demand more services from the landlord. He, 
of course, told us he hadn't made a nickel 
on the building and therefore wasn't 
required to do anything. But, he said, if 
we wanted to pay market value for our lofts 
he would do some maintenance work.
"We talked about the possibilities for 
months. Then we decided to pool our 
resources and buy the building from him. 
Except that, a couple of renters didn't 
want to buy their lofts. The rest of us 
formed a corporation anyway to buy out the 
landlord. The tenants who didn't buy had to 
go along with whatever our corporation 
wanted.
"My best friend was one of the ones who 
didn't join the corporation. She said she 
didn't see a reason to buy when she was 
paying such cheap rent already. I argued 
that it would make a quality-of-life 
difference to get the roof and walls fixed, 
to get the elevator working. She told me 
she didn't care about the elevator, she 
lived on the second floor. And as far as 
the roof and walls, well, if the 
corporation fixed them, they'd have to fix 
hers too.
"And it's been like that all these years. 
We used to be tenants, now we're the 
landlords. If we could get her out and sell 
her loft we'd have the money to fix the 
elevator and the roof. But we can't evict 
her, she's protected by the loft law.
"What makes it work, what makes it hurt us 
all, is that she sublets two studios she 
built in her loft. She's actually making 
money on her space. And there's nothing we 
can do about it. No one in the building 
talks to her, she can't come to the 
corporation meetings, and we all secretly 
wish horrible things on her. She was my 
best friend," she said sadly, her voice 
quivering.
"I'm sorry to hear that. I'm sure there's a 
solution, you just can't get to it right 
now."
"The only solution for us is to end the 
loft law. Then she'll either buy her loft, 
pay us market rent, or we'll evict her." 
"What about her art?" I asked as a 
diversion.
"Her art? Who knows, who cares, who has the 
time. Our property is our priority now." 
She looked down at the info again, shook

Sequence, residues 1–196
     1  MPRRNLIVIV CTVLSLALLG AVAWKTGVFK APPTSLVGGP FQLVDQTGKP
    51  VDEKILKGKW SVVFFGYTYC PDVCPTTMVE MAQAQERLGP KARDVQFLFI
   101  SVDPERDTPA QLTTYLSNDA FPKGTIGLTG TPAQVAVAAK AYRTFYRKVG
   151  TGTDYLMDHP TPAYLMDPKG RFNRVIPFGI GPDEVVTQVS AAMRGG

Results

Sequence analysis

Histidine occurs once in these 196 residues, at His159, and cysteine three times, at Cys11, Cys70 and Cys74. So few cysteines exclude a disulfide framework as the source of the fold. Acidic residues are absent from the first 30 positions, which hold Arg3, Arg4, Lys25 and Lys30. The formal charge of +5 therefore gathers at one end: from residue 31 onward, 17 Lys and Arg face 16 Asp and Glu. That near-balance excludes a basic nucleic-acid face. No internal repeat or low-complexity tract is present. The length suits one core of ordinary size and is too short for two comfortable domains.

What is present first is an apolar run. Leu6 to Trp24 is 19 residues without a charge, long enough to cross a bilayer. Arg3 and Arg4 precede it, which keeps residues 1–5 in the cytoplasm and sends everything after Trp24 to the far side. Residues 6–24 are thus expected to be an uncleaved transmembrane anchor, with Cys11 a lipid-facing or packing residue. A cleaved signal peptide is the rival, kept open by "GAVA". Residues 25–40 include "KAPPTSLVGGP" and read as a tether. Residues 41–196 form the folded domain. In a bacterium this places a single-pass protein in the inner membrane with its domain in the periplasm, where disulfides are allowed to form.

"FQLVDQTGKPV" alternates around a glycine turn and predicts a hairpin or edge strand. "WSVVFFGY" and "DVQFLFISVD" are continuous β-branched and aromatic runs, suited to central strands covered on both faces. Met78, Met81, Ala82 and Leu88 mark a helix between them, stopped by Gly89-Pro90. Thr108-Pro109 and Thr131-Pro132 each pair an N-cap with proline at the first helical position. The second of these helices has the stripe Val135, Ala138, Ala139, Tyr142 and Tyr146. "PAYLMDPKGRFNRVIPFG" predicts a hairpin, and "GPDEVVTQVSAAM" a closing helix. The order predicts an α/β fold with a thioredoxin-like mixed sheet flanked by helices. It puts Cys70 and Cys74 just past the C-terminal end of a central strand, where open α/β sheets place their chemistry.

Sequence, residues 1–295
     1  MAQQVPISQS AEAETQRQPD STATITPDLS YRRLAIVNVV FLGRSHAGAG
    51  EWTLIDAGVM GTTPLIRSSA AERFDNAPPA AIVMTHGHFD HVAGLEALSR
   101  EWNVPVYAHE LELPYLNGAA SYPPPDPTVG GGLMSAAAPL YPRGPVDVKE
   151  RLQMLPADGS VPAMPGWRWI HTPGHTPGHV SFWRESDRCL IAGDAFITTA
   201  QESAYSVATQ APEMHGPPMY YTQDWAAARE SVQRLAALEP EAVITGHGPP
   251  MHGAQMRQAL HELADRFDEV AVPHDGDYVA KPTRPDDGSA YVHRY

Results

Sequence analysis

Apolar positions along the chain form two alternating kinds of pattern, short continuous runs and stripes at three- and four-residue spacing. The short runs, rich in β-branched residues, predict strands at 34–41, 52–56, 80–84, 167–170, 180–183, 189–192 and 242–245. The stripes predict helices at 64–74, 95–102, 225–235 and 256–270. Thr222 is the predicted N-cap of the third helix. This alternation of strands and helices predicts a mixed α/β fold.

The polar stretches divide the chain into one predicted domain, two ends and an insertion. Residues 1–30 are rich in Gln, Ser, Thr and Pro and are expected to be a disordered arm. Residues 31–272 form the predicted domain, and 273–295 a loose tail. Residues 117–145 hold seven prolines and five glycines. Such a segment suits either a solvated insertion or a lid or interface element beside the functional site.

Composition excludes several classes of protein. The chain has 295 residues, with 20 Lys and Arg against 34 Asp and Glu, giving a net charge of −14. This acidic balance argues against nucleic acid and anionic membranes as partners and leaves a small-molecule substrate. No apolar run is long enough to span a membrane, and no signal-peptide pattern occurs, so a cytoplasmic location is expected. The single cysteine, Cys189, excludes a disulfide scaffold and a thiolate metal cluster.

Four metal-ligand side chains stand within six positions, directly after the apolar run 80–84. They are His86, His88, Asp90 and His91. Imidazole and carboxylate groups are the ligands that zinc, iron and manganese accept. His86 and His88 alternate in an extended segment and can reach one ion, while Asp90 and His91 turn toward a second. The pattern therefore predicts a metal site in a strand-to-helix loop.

her head, picked up her bags, turned and 
walked on. Then she looked at me and said, 
"I better get going, I have to climb six 
flights before I rest."
I continued to sit there, giving out 
registration forms and talking to people 
about the upcoming primaries. Suddenly, a 
guy in wrinkled work clothes walked by, 
stopped short, stared, and walked up to the 
table. He had a belligerent look in his 
eyes. He was glowering at the loft law 
literature.
"You live in a loft?" he demanded to know.
"No. Wish I did. I live in a tiny apartment 
for a whole lot of money in the East 
Village."
"Well, let me tell you something. These 
loft people are taking advantage of this 
city. I own a building I inherited from my 
father. There's all kinds of doctors and 
lawyers and stockbrokers living in it. They 
got in somehow. What this city needs to do 
is find out who the real artists are. Give 
them a test. If they pass, then they can 
get a break for a few years. But if they 
give up art, pay market rent. I'm losing a 
fortune on these guys and there's nothing I 
can do about it. And the city's losing tax 
money. I hope the loft law expires and they 
all have to pay market rents. Like you, 
like everyone else."
"Sounds like the classic historical 
struggle. Loft tenants on one side, and 
landlords on the other. That's the way it's 
always been, and the way it's always going 
to be. Hopefully a compromise can be worked 
out."
"Sure," he said. "But did you ever try to 
make money off artists?"
"No, I just register people to vote, 
thanks."